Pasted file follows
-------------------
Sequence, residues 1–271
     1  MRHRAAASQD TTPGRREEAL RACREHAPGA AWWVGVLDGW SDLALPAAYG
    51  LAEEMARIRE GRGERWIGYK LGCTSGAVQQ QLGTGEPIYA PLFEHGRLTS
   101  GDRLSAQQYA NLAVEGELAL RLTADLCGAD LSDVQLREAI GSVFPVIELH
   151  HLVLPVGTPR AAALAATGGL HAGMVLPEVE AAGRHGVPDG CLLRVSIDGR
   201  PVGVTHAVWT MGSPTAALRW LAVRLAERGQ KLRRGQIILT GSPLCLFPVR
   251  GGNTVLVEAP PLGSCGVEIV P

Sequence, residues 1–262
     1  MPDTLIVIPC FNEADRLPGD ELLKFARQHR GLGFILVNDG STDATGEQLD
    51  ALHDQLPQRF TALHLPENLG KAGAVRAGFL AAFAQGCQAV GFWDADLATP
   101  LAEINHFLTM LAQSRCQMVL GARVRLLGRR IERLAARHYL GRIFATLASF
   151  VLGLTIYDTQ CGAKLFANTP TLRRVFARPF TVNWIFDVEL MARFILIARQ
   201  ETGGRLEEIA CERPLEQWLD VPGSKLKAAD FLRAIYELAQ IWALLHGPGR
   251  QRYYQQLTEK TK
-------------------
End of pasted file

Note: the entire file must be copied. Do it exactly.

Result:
Sequence, residues 1–271
     1  MRHRAAASQD TTPGRREEAL RACREHAPGA AWWVGVLDGW SDLALPAAYG
    51  LAEEMARIRE GRGERWIGYK LGCTSGAVQQ QLGTGEPIYA PLFEHGRLTS
   101  GDRLSAQQYA NLAVEGELAL RLTADLCGAD LSDVQLREAI GSVFPVIELH
   151  HLVLPVGTPR AAALAATGGL HAGMVLPEVE AAGRHGVPDG CLLRVSIDGR
   201  PVGVTHAVWT MGSPTAALRW LAVRLAERGQ KLRRGQIILT GSPLCLFPVR
   251  GGNTVLVEAP PLGSCGVEIV P

Sequence, residues 1–262
     1  MPDTLIVIPC FNEADRLPGD ELLKFARQHR GLGFILVNDG STDATGEQLD
    51  ALHDQLPQRF TALHLPENLG KAGAVRAGFL AAFAQGCQAV GFWDADLATP
   101  LAEINHFLTM LAQSRCQMVL GARVRLLGRR IERLAARHYL GRIFATLASF
   151  VLGLTIYDTQ CGAKLFANTP TLRRVFARPF TVNWIFDVEL MARFILIARQ
   201  ETGGRLEEIA CERPLEQWLD VPGSKLKAAD FLRAIYELAQ IWALLHGPGR
   251  QRYYQQLTEK TK